Anabolic steroid and peptide hormones or growth factors are utilized to increase the performance of athletes of professional or amateur sports. Despite their well-documented adverse effects, the use of some of these agents has significantly grown and has been extended also to non-athletes with the aim to improve appearance or to counteract ageing. Pre-clinical studies and epidemiological observations in patients with an excess of hormone production or in patients chronically treated with hormones/growth factors for various pathologies have warned about the potential risk of cancer development and progression which may be also associated to the use of certain doping agents. Anabolic steroids have been described to provoke liver tumours; growth hormone or high levels of its mediator insulin-like growth factor-1 (IGF-1) have been associated with colon, breast, and prostate cancers. Actually, IGF-1 promotes cell cycle progression and inhibits apoptosis either by triggering other growth factors or by interacting with pathways which have an established role in carcinogenesis and cancer promotion. More recently, the finding that erythropoietin (Epo) may promote angiogenesis and inhibit apoptosis or modulate chemo- or radiosensitivity in cancer cells expressing the Epo receptor, raised the concern that the use of recombinant Epo to increase tissue oxygenation might favour tumour survival and aggressiveness. Cancer risk associated to doping might be higher than that of patients using hormones/growth factors as replacement therapy, since enormous doses are taken by the athletes often for a long period of time. Moreover, these substances are often used in combination with other licit or illicit drugs and this renders almost unpredictable all the possible adverse effects including cancer. Anyway, athletes should be made aware that long-term treatment with doping agents might increase the risk of developing cancer.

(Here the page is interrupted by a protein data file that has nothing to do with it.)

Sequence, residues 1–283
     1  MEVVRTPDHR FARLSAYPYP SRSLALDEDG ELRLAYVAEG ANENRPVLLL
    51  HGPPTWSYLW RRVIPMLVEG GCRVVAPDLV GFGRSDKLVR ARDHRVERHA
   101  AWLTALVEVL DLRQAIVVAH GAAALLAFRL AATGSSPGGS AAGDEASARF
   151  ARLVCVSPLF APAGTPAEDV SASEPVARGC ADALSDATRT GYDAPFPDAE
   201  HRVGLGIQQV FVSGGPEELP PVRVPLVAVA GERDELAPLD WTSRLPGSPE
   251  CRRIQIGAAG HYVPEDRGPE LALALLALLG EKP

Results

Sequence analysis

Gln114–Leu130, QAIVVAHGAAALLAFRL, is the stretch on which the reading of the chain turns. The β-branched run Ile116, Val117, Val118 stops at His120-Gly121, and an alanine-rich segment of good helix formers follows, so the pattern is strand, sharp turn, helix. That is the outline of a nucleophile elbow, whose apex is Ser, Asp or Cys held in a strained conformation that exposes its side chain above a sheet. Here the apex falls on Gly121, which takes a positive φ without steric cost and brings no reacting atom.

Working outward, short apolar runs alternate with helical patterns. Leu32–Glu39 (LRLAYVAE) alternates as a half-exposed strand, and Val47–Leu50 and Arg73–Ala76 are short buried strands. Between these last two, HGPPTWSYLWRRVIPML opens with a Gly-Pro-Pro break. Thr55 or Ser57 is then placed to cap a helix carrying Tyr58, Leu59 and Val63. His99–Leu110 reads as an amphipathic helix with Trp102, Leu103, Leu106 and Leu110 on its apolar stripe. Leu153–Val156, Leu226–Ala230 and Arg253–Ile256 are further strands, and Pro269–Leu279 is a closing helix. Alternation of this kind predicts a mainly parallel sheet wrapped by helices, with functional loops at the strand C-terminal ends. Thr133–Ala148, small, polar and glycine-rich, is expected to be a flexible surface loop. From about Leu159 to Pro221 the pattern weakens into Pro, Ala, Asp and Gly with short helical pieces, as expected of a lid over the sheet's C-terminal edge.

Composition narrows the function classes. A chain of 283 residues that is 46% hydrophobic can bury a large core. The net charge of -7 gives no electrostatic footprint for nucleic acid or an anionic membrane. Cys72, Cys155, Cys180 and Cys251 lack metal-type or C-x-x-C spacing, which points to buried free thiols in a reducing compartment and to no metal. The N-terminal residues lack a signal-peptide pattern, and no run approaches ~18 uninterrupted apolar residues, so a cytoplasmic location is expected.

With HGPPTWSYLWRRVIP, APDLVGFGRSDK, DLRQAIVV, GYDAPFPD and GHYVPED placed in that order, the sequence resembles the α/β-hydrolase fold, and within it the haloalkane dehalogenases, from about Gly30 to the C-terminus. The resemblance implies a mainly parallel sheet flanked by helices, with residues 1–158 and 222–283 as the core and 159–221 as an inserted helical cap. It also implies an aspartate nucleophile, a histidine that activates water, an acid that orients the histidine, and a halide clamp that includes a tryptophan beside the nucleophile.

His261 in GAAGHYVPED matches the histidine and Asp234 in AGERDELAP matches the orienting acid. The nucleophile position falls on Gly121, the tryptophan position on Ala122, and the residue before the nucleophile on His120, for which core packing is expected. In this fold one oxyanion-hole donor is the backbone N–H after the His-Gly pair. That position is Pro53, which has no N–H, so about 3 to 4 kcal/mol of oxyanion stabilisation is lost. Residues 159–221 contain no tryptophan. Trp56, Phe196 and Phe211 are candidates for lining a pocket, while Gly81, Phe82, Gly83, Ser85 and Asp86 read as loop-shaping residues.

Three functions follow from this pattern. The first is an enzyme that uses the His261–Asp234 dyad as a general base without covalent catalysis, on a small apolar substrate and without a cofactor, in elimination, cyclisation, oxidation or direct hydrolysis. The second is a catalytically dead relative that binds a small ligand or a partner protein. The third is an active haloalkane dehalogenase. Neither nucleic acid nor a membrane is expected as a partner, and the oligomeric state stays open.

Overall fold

A lot of myths surround injectable hGH and its effects on athletes. Here are some risks you should be aware of. If you buy what may be called "growth hormone," "growth stimulator" or "growth factors" online, it's likely they're not really hGH. Many websites claim to be selling growth hormone, but they're really selling amino acids that don't significantly increase growth hormone levels in your body. Also there's a risk of contracting HIV or other diseases (like hepatitis) if people share needles, because human growth hormone can only be injected, like many steroids.
A Stanford University School of Medicine meta-analysis of clinical studies on the subject published in early 2007 showed that the application of GH on healthy elderly patients increased muscle by about 2 kg and decreased body fat by the same amount.  However, these were the only positive effects from taking GH. No other critical factors were affected, such as bone density, cholesterol levels, lipid measurements, maximal oxygen consumption, or any other factor that would indicate increased fitness.  Researchers also did not discover any gain in muscle strength, which led them to believe that GH merely let the body store more water in the muscles rather than increase muscle growth. This would explain the increase in lean body mass.